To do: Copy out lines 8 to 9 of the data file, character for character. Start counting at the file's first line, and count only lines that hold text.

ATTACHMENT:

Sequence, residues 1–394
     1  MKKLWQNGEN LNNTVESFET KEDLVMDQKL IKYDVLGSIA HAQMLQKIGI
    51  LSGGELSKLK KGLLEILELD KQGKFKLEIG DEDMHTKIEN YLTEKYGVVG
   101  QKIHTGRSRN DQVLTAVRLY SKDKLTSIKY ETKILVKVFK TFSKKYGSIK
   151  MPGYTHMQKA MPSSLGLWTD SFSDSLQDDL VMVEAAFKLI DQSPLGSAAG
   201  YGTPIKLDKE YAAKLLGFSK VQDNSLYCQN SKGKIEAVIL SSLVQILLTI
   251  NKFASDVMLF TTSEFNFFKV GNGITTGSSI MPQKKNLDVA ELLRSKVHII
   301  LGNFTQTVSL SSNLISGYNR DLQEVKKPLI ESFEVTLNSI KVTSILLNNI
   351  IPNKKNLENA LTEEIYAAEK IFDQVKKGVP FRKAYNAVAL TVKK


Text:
   301  LGNFTQTVSL SSNLISGYNR DLQEVKKPLI ESFEVTLNSI KVTSILLNNI
   351  IPNKKNLENA LTEEIYAAEK IFDQVKKGVP FRKAYNAVAL TVKK